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MARI/CCPO Seminar Series

Comparing the Impact of Arctic and Mid-Atlantic Submarine Canyons on Shelf-basin Exchange

Donglai Gong, Virginia Institute of Marine Science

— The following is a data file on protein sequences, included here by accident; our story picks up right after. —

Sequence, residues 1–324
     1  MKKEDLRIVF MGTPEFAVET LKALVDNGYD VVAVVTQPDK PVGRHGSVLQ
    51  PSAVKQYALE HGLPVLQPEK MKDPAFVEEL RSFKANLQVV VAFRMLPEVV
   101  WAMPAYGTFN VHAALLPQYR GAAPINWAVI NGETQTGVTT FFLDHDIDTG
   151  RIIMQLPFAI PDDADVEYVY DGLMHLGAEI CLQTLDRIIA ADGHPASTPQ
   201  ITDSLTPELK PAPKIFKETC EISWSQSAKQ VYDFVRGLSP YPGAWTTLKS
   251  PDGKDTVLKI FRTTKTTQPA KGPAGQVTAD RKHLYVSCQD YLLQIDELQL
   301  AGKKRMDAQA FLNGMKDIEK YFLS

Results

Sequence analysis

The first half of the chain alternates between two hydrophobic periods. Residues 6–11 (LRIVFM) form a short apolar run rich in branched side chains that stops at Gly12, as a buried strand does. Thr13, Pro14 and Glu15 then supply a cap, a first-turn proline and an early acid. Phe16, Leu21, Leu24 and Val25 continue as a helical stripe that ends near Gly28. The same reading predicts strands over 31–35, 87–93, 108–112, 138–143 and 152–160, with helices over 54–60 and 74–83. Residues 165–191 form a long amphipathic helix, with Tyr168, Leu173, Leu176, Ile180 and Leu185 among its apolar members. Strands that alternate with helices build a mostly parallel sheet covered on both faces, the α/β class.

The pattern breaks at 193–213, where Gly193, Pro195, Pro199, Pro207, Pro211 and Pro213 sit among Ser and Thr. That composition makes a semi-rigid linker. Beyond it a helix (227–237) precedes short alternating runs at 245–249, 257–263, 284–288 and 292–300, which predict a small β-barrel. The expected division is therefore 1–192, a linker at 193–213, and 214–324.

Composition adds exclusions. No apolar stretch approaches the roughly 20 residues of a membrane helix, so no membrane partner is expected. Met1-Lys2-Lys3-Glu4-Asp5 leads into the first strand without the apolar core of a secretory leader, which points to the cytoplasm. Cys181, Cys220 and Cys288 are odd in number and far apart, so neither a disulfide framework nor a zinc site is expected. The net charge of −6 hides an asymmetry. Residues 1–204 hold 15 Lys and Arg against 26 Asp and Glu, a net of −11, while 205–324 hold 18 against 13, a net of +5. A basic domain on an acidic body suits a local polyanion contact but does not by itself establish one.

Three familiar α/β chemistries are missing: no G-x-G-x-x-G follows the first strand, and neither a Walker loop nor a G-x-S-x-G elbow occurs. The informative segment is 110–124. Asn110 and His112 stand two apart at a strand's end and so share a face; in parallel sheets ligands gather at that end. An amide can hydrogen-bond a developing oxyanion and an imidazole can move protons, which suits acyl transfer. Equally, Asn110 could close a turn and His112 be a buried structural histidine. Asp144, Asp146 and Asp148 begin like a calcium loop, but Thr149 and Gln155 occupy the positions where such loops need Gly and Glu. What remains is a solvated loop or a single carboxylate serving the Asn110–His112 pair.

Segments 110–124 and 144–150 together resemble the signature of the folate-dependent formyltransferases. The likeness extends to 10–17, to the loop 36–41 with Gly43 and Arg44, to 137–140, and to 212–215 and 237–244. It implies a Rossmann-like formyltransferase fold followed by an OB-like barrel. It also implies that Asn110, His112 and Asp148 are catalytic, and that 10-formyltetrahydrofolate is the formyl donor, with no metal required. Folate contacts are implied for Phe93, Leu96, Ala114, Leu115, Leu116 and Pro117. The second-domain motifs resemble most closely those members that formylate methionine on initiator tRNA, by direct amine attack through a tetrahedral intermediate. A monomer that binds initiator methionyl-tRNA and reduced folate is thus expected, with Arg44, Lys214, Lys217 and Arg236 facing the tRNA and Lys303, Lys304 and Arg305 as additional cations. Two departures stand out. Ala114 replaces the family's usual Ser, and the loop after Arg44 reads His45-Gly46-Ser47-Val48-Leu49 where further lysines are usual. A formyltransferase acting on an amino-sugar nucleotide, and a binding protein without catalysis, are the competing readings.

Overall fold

Shelf-break submarine canyons are common along many continental shelf systems around the world. They are formed and continue to be modified by a combination of geomorphological processes over a range of temporal scales. Many canyons have been shown to be highly biologically productive with rich biodiversity. The canyons also play a significant role in facilitating shelf-basin exchange of water masses, heat, salt, nutrients, and organic matter. In this talk, we will explore the circulation and transport associated with a few large submarine canyons in the Mid-Atlantic and the Arctic, including the Hudson Canyon, Washington Canyon, and Barrow Canyon. Recent observational studies using ships and gliders indicate that submarine canyons can dominate shelf-basin exchange flow over normal shelf-break regions, and in one case, it can serve as a key transport gateway between ocean basins. We will focus on how different forcing factors can affect canyon circulation/dynamics and identify topics for future investigations.